Every time I think about the suffering of the last year and a half, the poor performances, one name always comes to mind. It’s not the man I blame for the shenanigans (one Kenneth Bates). It’s not either of Leeds United’s managers during this period (or even Neil Redfearn). It’s not even the best players that we’ve lost over this spell. In my mind, the joys of the best football we’ve played in recent memory can be summed up through the absence of one man – Davide Somma.
That’s why I was exceptionally excited to find out Somma has ‘stepped up’ on the road to recovery. Probably the first time this has been said from official channels as well, with Warnock particularly loath to burden the recovering striker with any sort of timescale over the last few months. Given that a chance encounter with Somma led to the man himself suggesting he’d be back around February of this year, it’s been coming. For large swathes of his time injured, we’ve had no idea what the issue was. One day he was photographed boxing with the coaching staff during pre-season, the next he was getting the entire playing staff banned from Twitter for revealing the extent of his injury. The injury that has sidelined him to this day.
Why is Somma such a symbol to me? This is a man who played for a single season, never truly ever able to fight his way properly into the first team. Phantom-like, more ethereal spirit than true presence by the end of the season, Somma would end up below try-hard Billy Paynter in the pecking order. It was impossible to play Somma up front when it meant leaving out one of our midfield three, or one of our two wingers. Yet we always looked better with Somma on the pitch. We always looked more likely to score. We always seemed to score. He always seemed to score.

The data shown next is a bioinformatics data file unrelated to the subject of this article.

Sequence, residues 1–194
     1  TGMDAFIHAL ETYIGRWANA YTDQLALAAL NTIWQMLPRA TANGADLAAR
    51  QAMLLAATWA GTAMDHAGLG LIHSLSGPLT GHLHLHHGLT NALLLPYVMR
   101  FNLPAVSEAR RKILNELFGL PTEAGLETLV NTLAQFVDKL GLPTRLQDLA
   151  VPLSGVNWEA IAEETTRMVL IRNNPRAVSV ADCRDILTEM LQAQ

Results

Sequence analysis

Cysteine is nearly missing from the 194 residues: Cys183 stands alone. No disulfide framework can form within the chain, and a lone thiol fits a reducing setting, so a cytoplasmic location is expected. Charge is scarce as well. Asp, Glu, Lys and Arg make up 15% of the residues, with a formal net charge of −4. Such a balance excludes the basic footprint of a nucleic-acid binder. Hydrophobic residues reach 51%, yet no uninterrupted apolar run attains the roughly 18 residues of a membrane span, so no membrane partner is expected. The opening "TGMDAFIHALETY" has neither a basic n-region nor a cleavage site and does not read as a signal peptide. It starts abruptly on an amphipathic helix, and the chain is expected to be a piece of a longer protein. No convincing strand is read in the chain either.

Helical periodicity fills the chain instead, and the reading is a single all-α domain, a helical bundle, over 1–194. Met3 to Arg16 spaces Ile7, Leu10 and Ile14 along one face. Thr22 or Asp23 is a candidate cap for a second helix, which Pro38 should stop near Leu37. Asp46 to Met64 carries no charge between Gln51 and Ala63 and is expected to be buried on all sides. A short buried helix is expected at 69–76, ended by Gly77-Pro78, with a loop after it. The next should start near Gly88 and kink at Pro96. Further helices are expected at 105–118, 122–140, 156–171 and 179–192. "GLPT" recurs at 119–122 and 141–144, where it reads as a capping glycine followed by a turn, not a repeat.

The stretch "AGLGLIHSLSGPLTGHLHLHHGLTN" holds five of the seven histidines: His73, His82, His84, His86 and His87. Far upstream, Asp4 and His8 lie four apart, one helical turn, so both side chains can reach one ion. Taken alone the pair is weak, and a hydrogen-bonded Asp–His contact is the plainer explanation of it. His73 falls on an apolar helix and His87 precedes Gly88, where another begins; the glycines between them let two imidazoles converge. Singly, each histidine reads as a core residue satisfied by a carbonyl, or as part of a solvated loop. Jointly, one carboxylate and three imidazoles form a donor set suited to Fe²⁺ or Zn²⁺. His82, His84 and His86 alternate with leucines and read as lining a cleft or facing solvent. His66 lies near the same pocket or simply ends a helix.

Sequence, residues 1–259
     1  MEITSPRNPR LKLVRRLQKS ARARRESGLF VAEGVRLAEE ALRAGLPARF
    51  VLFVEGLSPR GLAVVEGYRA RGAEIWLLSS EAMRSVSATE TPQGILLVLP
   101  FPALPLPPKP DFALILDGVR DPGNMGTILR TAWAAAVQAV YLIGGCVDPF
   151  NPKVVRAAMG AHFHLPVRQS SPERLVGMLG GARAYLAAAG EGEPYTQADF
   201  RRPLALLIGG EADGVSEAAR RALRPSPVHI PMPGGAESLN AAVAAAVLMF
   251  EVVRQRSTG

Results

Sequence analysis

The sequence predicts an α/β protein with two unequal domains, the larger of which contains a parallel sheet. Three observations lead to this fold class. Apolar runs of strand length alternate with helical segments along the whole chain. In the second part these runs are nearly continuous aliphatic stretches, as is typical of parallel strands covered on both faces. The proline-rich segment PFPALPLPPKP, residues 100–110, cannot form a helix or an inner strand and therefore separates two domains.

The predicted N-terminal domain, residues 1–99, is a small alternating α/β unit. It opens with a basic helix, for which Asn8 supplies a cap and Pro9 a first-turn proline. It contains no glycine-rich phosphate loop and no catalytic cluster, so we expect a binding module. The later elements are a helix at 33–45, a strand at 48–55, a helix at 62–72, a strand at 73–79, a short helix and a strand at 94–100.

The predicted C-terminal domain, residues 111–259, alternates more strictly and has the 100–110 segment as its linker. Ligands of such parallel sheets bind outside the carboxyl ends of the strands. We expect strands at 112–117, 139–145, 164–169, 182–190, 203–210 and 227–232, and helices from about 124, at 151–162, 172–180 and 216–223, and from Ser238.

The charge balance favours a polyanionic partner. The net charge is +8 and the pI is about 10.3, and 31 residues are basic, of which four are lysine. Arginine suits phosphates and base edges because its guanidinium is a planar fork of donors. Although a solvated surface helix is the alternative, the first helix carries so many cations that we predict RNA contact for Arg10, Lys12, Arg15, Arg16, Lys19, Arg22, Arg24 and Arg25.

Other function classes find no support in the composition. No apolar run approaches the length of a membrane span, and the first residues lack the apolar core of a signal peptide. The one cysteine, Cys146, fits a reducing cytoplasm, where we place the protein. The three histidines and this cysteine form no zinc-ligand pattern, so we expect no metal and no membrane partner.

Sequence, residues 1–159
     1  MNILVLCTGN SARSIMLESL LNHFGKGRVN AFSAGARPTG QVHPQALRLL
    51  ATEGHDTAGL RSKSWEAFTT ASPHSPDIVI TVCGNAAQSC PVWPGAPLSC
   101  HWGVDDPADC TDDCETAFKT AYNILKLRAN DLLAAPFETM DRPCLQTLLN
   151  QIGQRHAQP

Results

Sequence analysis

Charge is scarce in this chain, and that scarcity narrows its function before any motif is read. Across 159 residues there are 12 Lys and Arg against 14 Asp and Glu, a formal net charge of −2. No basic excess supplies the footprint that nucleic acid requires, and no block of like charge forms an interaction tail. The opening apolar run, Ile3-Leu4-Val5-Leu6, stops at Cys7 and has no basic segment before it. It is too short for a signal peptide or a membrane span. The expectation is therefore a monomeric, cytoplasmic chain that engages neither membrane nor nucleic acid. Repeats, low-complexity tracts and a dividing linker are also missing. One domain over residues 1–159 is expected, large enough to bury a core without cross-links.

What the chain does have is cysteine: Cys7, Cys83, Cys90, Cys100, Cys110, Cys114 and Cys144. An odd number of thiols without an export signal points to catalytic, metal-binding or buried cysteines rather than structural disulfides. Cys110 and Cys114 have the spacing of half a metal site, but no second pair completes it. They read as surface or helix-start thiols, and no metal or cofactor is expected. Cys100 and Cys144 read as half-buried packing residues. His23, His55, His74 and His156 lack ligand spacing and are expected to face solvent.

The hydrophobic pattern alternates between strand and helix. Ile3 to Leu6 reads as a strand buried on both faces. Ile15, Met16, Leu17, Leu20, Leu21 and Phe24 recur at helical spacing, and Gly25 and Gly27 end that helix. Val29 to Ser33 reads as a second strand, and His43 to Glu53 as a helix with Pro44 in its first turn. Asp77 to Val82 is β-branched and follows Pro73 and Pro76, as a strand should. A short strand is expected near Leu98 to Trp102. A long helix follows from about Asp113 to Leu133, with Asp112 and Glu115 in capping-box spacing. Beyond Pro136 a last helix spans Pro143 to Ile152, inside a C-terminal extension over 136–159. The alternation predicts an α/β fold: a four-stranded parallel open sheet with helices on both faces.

I remember a game against Coventry. Somma scored, my autistic brother’s first ever live football game (my mum and him sat in the kop, apparently said brother bemusing everyone by shouting at my mum to stand after half time had ended (it’s in the genes clearly)). He had a goal chalked off for offside too. Compare and contrast to the Ipswich game. A useless performance, one which had fans calling out for the presence of the South African from the bench. He never came, and therefore, neither did a goal. Somma was a professional with an ability that is not easily found in these lower leagues – the ability to turn nearly any chance into a goal. Even a man like Beckford, so ruthless in front of the net, did not seem guaranteed to score every time foot made contact with the ball. Davide Enrico Somma inspired that belief.
His loan spell at Lincoln was the making of him, a chance to assert his abilities on the English game. Top scorer in a mere thirteen game. 9 goals overall, saving a club from relegation. Chris Sutton, manager at the time, said it best when he asserted that he’s never been as confident that a player will put the ball into the goal as when seeing Somma stride forward. This is a natural goalscorer.
What do we need right now? Goals. If McCormack and Somma could conveniently return at the same time, this would be the ideal. The Scot, you would hope, would continue his creative form and craft opportunities. Somma, you’d believe, and you know you would believe from the moment he appeared on the touchline, would put them in. Nets busted. ‘Keepers left on the ground. The form of 2010 returned. I live in hope.
Follow Amitai Winehouse on Twitter (@awinehouse1) to receive regular updates asking where Davide Somma is right now.